Senator Kamala Harris is proposing to increase teacher pay by $315 billion over a decade through federal matching funds, which would raise the average teacher salary by 23 percent. News reports are framing this plan as a way to appeal to teachers themselves, which it certainly does. But the particular cleverness of this idea is that it simultaneously appeals to education reformers.
For decades, discrimination against women in the workforce created an invisible subsidy for education: teaching was one of the few careers available for college-educated women, which supplied a talented workforce at artificially low wages. Teacher salaries have remained low even as education lost its quasi-monopoly on female labor. The 2008 recession led to massive state budget cutbacks, further suppressing teacher pay. Recently a wave of strikes has drawn attention to shockingly low wages for educators.
The teacher strikes have highlighted a left-wing trend in Democratic education politics. Teacher unions tend to oppose reforms, especially charter schools, and their growing militancy has thrown reformers in the party on the defensive. “Democrats these days don’t have a lot of enthusiasm for challenging teachers’ unions, and they’ve started to abandon the Obama-era centrist consensus,” notes Dylan Scott.
But education reformers don’t oppose Harris’s plan. They support it. Arne Duncan, Obama’s first education secretary and a prominent reform enthusiast, waxed enthusiastic. Catherine Brown, a senior fellow at the Center for American Progress (and co-author of “The Progressive Case for Charter Schools”) consulted with Harris on her proposal.
The most contentious (and possibly most important) premise of education reform is that the quality of teachers varies enormously, and is highly consequential. The least effective teachers do the most harm to low-income students, because their parents have fewer resources to overcome the harm of having a bad teacher. And tenure protections make it extremely hard for traditional public schools to remove chronically ineffective teachers from the classroom.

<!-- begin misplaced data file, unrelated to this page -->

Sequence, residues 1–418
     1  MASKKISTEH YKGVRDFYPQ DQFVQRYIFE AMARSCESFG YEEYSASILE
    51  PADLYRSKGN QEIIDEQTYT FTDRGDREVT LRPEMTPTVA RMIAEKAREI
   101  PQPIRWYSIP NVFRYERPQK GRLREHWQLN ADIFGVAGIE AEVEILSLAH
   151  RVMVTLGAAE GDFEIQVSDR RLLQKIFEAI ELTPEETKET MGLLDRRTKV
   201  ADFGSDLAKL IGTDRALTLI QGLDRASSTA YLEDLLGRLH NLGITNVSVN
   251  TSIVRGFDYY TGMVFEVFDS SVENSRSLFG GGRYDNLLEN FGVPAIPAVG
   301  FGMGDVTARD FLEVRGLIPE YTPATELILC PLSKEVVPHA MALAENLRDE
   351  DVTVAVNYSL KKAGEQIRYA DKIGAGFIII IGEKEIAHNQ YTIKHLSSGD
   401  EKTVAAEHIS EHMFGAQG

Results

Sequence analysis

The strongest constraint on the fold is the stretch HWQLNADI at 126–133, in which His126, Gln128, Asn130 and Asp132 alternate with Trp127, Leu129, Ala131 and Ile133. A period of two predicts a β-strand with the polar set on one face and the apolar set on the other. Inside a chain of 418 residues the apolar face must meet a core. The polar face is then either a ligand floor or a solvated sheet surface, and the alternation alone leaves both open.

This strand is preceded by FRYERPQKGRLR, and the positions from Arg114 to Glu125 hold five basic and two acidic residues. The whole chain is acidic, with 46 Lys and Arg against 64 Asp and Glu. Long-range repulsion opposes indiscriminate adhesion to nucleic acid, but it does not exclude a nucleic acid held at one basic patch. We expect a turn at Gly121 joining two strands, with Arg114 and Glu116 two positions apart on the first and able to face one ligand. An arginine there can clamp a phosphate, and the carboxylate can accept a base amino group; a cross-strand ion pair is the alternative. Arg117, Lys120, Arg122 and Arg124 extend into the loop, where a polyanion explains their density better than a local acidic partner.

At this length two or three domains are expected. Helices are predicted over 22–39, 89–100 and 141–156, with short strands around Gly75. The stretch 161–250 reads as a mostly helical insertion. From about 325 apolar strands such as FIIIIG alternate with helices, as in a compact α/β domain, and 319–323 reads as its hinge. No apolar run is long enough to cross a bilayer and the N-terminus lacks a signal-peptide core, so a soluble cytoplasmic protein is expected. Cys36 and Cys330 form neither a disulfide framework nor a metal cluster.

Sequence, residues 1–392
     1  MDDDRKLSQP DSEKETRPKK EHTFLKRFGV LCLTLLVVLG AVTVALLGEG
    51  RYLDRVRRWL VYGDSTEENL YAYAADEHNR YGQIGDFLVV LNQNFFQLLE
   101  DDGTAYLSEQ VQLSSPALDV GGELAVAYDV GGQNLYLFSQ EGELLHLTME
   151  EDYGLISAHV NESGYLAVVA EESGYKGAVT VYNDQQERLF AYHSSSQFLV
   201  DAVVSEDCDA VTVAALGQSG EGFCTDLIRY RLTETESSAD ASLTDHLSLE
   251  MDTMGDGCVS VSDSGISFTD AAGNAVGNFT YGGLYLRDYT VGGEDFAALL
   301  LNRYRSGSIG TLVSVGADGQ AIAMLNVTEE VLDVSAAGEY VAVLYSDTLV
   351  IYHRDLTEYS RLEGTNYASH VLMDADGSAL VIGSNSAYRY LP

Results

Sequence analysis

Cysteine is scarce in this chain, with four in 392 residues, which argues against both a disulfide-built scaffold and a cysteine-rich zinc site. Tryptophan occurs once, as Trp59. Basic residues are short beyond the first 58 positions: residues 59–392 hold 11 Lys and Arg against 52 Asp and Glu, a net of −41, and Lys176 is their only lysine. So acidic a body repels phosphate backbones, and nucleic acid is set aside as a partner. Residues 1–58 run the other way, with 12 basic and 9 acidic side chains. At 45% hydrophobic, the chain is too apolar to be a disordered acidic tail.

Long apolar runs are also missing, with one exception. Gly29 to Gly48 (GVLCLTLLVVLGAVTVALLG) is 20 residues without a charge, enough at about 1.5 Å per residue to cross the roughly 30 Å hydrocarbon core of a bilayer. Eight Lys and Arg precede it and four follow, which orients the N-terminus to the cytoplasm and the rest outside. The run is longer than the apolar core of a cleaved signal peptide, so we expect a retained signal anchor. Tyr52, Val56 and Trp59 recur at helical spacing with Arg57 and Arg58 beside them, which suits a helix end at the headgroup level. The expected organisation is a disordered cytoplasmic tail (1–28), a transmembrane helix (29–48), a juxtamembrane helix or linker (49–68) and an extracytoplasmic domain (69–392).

The role of unions in protecting ineffective teachers is the bitterest flashpoint between them and reformers. But fixing teacher pay is far from the only item on the reform agenda, nor is it the only idea reformers support to improve teacher quality. Reformers also support increasing teacher pay.
Pro-reform analysts have argued before that low pay discourages talented college graduates from entering the teaching profession and harms student outcomes. Higher pay and greater accountability go hand in hand; there’s not much value for a school in being able to fire an ineffective teacher if its salaries are so low that it couldn’t hire a better one.
Harris frames her argument as rectifying the injustice of teachers getting less than “they deserve” — which appeals to teachers, and happens to be true. But she also endorses “multibillion-dollar investment in evidence-based programs that elevate the teaching profession,” half of which would be devoted to finding ways to bring more minorities into the teaching profession. Research has found that African-American students, especially boys, are much less likely to drop out when they have a black teacher.
Smart politicians find ways to straddle divides within their coalition. Sometimes that requires ambiguity or incoherence. But Harris’s plan to increase teacher pay hits a perfect sweet spot: It appeals to opposing constituencies within the party and gives her a leg up on other candidates, who will wish they thought of the idea first and will probably wind up following her lead.
A National Review editorial makes the case that Harris’s plan is not only a suboptimal use of public resources, but actually corrupt. “Dozens of academic studies over the years have failed to establish any consistent link between changes to teachers’ pay and students’ educational outcomes,” the editorial asserts, failing to cite a single one. (Two studies finding the opposite are linked above.)
NR also fails to explain even in theoretical terms why increasing teacher pay would have no effect on the quality of college graduates entering this field. It seems intuitive that raising teacher salaries might draw more talent into the profession. If there’s a reason price signals have zero effect in this market, NR does not share it.
In place of any such case, NR offers lots of angry muttering about unions, inner cities, and other groups Republicans loathe. “There is nothing quite as fine to the worst kind of politician as buying an election with someone else’s money,” the editorial asserts. That a candidate who proposes to increase teacher pay is National Review’s idea of “the worst kind of politician” tells us a lot about the political moment we’re living in.
This post has been updated.